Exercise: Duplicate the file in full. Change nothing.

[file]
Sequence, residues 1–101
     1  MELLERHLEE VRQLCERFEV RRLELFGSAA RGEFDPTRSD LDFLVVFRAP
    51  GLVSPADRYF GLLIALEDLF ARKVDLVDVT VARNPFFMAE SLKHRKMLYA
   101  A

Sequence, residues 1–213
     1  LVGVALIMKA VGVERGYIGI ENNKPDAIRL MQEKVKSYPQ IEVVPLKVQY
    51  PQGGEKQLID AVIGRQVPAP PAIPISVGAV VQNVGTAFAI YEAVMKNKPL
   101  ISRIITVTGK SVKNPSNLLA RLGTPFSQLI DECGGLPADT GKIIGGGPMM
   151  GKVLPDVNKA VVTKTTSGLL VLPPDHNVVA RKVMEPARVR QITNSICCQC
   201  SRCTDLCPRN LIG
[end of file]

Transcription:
Sequence, residues 1–101
     1  MELLERHLEE VRQLCERFEV RRLELFGSAA RGEFDPTRSD LDFLVVFRAP
    51  GLVSPADRYF GLLIALEDLF ARKVDLVDVT VARNPFFMAE SLKHRKMLYA
   101  A

Sequence, residues 1–213
     1  LVGVALIMKA VGVERGYIGI ENNKPDAIRL MQEKVKSYPQ IEVVPLKVQY
    51  PQGGEKQLID AVIGRQVPAP PAIPISVGAV VQNVGTAFAI YEAVMKNKPL
   101  ISRIITVTGK SVKNPSNLLA RLGTPFSQLI DECGGLPADT GKIIGGGPMM
   151  GKVLPDVNKA VVTKTTSGLL VLPPDHNVVA RKVMEPARVR QITNSICCQC
   201  SRCTDLCPRN LIG